L Opens tonight (Thursday, July 1), 7 p.m., in the Mill City Farmer’s Market space (704 South 2nd St., Minneapolis): Rough Magic Performance Company: “Norma Jeane Baker of Troy.” Leah Cooper directs the regional premiere of Anne Carson’s play about the destabilizing, destructive power of beauty, drawing together Helen of Troy and Marilyn Monroe, twin avatars of female fascination. With Alayne Hopkins, Catherine Johnson Justice and Marcela Michelle. FMI and tickets ($25-30). Closes July 18. Rough Magic is a professional theater company dedicated to supporting women artists and telling women’s stories. You may know them from the Minnesota Fringe Festival. This will be their first independently produced full-scale production.
V Tonight (Thursday, July 1), 7 p.m.: Twin Cities Jazz Festival: Jazz Fest Live: Kenne Thomas’ Lifeforce. The Chicago native drummer’s latest group draws on the stylings of Art Blakey’s Jazz Messengers, the Jazz Crusaders and the Tony Williams Quintet. With Rich Manik on saxophones, Tom Krochuk on trumpet and flugelhorn, Dave Graf on trombone, Ted Godbout on keys and Matt McIntyre on acoustic and electric bass. Register here or watch on the Twin Cities Jazz Festival website, Facebook or YouTube. Free.
L Saturday, July 3, 11 a.m. and 2 p.m.: Minnesota Historical Society: Summit Avenue Walking Tour. A guided tour of the historic Summit Ave. neighborhood in St. Paul, highlighting its Gilded Age mansions and the people who owned and built them. Tours start at the James J. Hill House and cover 1.5 miles. FMI and tickets ($14/12/10). If you can’t make it this Saturday, here’s a list of dates and times through Aug. 22. NOTE: The Hill House is now open Thursdays through Sundays, with tours offered twice each day. FMI.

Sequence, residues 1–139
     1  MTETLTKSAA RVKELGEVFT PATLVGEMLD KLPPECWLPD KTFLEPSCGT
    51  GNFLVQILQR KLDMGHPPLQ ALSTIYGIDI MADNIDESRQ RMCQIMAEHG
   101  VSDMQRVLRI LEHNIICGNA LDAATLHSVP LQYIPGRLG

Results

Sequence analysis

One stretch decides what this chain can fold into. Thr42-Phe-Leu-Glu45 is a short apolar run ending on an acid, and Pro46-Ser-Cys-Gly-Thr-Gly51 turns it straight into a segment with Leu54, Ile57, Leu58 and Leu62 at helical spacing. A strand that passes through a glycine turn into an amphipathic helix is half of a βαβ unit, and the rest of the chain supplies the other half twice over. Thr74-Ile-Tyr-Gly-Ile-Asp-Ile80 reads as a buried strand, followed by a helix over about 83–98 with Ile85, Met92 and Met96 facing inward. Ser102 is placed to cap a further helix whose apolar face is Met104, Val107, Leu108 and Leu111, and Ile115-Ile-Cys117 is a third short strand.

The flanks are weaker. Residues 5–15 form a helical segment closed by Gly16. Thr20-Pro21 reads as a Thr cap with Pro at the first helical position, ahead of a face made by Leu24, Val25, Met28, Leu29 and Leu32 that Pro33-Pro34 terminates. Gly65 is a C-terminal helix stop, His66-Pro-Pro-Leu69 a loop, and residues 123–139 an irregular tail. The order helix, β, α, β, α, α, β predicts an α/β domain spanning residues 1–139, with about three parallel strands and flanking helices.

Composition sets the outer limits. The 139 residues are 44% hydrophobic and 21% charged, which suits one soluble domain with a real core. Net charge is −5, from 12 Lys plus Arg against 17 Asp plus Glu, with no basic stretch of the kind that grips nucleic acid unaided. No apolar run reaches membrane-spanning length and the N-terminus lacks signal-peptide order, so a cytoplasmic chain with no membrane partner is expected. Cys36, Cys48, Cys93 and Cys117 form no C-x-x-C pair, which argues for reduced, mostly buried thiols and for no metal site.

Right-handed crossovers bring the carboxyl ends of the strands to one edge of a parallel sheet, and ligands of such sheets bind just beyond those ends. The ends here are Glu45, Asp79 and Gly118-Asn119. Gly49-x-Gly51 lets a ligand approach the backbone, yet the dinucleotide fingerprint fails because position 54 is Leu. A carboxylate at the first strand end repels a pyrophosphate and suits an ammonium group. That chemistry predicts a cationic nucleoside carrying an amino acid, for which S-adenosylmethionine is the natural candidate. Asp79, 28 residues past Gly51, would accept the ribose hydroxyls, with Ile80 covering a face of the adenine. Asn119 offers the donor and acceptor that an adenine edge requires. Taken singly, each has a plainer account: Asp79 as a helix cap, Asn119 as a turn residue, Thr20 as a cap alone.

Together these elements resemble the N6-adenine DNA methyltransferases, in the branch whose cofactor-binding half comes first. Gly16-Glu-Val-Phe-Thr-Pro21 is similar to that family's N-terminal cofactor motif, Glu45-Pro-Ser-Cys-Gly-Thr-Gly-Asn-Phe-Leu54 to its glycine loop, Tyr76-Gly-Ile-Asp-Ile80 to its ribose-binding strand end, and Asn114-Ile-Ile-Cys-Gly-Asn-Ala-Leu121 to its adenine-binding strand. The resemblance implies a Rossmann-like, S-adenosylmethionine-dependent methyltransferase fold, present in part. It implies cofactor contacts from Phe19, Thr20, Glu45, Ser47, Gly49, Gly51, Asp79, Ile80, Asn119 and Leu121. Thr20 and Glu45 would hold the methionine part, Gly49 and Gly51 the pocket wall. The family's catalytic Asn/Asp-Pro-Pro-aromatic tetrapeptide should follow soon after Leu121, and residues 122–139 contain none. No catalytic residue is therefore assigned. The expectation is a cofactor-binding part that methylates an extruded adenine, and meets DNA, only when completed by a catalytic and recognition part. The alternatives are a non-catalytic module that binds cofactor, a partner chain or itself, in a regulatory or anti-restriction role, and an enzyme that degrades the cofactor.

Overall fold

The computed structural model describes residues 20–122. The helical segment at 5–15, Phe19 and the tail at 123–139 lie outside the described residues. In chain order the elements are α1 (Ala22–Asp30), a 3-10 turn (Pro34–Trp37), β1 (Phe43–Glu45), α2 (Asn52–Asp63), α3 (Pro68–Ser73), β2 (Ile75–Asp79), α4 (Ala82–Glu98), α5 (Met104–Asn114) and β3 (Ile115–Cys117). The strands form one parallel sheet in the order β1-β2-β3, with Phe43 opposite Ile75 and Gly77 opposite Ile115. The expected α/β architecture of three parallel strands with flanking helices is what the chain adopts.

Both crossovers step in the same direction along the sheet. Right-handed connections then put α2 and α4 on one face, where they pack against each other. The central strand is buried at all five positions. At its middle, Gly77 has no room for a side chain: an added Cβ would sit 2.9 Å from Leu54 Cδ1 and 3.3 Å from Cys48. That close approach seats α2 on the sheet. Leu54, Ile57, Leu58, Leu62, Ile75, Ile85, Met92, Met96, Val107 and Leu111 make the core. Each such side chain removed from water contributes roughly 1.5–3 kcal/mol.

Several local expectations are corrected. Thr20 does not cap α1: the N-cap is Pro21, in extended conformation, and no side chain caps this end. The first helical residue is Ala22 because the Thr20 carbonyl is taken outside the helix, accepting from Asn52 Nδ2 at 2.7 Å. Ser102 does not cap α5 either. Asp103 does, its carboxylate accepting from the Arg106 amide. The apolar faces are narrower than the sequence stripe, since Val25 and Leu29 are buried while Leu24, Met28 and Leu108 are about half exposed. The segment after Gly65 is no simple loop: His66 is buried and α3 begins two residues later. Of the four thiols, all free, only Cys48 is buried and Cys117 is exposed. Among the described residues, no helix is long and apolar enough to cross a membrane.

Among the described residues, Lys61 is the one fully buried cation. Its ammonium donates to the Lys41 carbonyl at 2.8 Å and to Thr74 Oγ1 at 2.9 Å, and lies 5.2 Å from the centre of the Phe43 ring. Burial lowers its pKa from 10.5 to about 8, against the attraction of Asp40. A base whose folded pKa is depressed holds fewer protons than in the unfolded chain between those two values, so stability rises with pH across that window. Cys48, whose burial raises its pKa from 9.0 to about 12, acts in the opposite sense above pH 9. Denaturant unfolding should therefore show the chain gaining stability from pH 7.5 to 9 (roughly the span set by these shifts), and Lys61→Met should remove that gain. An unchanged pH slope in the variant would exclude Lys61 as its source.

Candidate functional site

V Tuesday, July 6, 5:30 p.m.: Rain Taxi presents J. Michael Straczynski. You’ve seen his work on TV (“Babylon 5”), in comics (“The Amazing Spider-Man,” “Wonder Woman”) and in films (“The Changeling,” “Thor”). This will be the pub date of Straczynski’s first work of literary fiction, “Together We Will Go.” A tale of a struggling young writer and a busload of fellow disheartened people in a journey toward death, it sounds like a movie in the making. Free with registration.